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Santa Monica Students Report Pollution after Heavy Rains

February 02 2010 | Blue Water Task Force, Water Quality, Illness,
by Mara Dias


Source: Santa Monica Daily Press

Students find high levels of bacteria in bay

January 28, 2010

SM BAY — Students at Santa Monica High School were shocked to see extremely high levels of bacteria present in the waters here following last week’s heavy rains.

The students, enrolled in the Surfrider Teach & Test program monitoring water quality in the Santa Monica Bay, found bacteria levels weighing in at more than double what the U.S. Environmental Protection Agency considers safe, warning surfers and swimmers to make sure they stay out of the water for at least 72 hours after it rains.

The rains send urban pollutants and fecal bacteria into storm drains and onto local beaches, raising the risk for contracting a serious infection, said Lindsey Jurca, educational chair for the Surfrider Foundation’s Malibu and Santa Monica chapters.

“High bacteria levels are expected when it rains because everything from the streets floods the ocean, but the kids and the public are generally not aware of how high the level of bacteria can be,” Jurca said. “When they do find out, some are pretty shocked.”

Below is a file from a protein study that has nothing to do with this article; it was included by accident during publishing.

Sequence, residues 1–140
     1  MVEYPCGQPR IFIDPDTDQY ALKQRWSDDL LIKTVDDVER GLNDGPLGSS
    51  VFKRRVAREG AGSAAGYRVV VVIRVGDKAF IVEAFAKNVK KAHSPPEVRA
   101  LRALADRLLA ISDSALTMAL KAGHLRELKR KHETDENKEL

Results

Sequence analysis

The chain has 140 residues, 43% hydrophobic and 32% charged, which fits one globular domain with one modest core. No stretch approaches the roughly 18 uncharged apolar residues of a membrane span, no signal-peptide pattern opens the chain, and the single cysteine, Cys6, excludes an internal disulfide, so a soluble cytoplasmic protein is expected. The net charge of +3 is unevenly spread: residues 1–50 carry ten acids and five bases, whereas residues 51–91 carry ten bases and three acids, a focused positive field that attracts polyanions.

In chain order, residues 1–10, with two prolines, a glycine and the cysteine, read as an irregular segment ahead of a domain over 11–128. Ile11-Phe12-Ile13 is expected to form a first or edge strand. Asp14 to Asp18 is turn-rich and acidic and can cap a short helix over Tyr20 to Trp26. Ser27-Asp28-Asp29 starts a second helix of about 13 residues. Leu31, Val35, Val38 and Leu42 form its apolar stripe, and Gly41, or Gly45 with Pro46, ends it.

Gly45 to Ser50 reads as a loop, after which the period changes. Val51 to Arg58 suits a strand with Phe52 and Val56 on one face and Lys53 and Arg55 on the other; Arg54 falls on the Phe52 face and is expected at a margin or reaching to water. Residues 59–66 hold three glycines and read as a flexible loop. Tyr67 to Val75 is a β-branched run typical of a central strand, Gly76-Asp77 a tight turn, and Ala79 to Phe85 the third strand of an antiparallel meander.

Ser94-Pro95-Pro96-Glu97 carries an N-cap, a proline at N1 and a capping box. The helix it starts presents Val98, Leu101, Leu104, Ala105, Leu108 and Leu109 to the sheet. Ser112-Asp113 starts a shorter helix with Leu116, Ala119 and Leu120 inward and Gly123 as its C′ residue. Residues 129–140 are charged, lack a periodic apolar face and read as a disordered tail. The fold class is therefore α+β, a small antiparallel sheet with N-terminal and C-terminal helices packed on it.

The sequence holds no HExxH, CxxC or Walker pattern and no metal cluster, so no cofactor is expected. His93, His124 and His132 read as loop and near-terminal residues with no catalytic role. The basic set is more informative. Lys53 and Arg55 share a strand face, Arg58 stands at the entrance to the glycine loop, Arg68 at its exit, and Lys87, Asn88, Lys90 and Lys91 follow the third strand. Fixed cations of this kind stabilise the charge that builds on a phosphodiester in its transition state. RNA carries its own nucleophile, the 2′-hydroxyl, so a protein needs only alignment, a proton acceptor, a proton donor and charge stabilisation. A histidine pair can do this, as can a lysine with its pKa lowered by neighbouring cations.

Bacteria levels at the Santa Monica Pier were 223, which is 119 organisms per milliliter higher than the EPA safety threshold of 104, according to Surfrider. The Pico-Kenter storm drain at the end of Pico Boulevard had bacteria levels that averaged at 120, and Ocean Park sampled at 331.

Samohi students also tested water quality at the storm drain underneath the pier, which City Hall replaced last year due to leaks that were causing poor water quality grades. Bacteria levels in the storm drain runoff were 7,915 — more than 75 times higher than what the EPA considers safe.

Students specifically tested for the presence of enterococcus bacteria, a fecal bacteria whose presence indicates that other disease-causing bacteria and viruses might also be present, which can lead to respiratory illness; stomach flu; and ear, nose, throat and eye infections.

“Fecal bacteria is just one of the many harmful things urban runoff carriers, which can include trash, cigarette butts, pathogens and even heavy metals,” said student Katie Rowbotham.

While testing is needed, students plan to step up their efforts to protect the public by participating in a new warning system at local surf shops. Jurca said students plan to provide surf shops with weekly updates to water quality reports so that surfers, who often can’t resist the high tides that come with rain storms, be more prepared. The reports should be posted in a month, Jurca said.

The Teach & Test program at Samohi is funded through Surfrider and a grant from the California Coastal Commission. The goal is to raise awareness about the importance of keeping dangerous urban runoff from reaching the bay. Students are also encouraged to consider careers in science.

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